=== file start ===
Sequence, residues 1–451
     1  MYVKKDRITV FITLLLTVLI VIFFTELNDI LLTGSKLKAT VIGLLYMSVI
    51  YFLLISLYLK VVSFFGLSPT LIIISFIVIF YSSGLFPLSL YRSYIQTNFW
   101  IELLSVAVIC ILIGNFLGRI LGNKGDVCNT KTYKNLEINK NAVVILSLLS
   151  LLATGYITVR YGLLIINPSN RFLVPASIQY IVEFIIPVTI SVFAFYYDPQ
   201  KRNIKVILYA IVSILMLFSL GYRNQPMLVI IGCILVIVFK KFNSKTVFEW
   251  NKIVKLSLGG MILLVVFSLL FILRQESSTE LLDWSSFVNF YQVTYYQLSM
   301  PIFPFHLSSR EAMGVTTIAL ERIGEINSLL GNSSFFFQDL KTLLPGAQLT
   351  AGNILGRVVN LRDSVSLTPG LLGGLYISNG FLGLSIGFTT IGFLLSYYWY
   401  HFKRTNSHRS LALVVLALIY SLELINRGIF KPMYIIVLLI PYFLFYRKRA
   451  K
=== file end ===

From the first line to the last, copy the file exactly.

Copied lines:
Sequence, residues 1–451
     1  MYVKKDRITV FITLLLTVLI VIFFTELNDI LLTGSKLKAT VIGLLYMSVI
    51  YFLLISLYLK VVSFFGLSPT LIIISFIVIF YSSGLFPLSL YRSYIQTNFW
   101  IELLSVAVIC ILIGNFLGRI LGNKGDVCNT KTYKNLEINK NAVVILSLLS
   151  LLATGYITVR YGLLIINPSN RFLVPASIQY IVEFIIPVTI SVFAFYYDPQ
   201  KRNIKVILYA IVSILMLFSL GYRNQPMLVI IGCILVIVFK KFNSKTVFEW
   251  NKIVKLSLGG MILLVVFSLL FILRQESSTE LLDWSSFVNF YQVTYYQLSM
   301  PIFPFHLSSR EAMGVTTIAL ERIGEINSLL GNSSFFFQDL KTLLPGAQLT
   351  AGNILGRVVN LRDSVSLTPG LLGGLYISNG FLGLSIGFTT IGFLLSYYWY
   401  HFKRTNSHRS LALVVLALIY SLELINRGIF KPMYIIVLLI PYFLFYRKRA
   451  K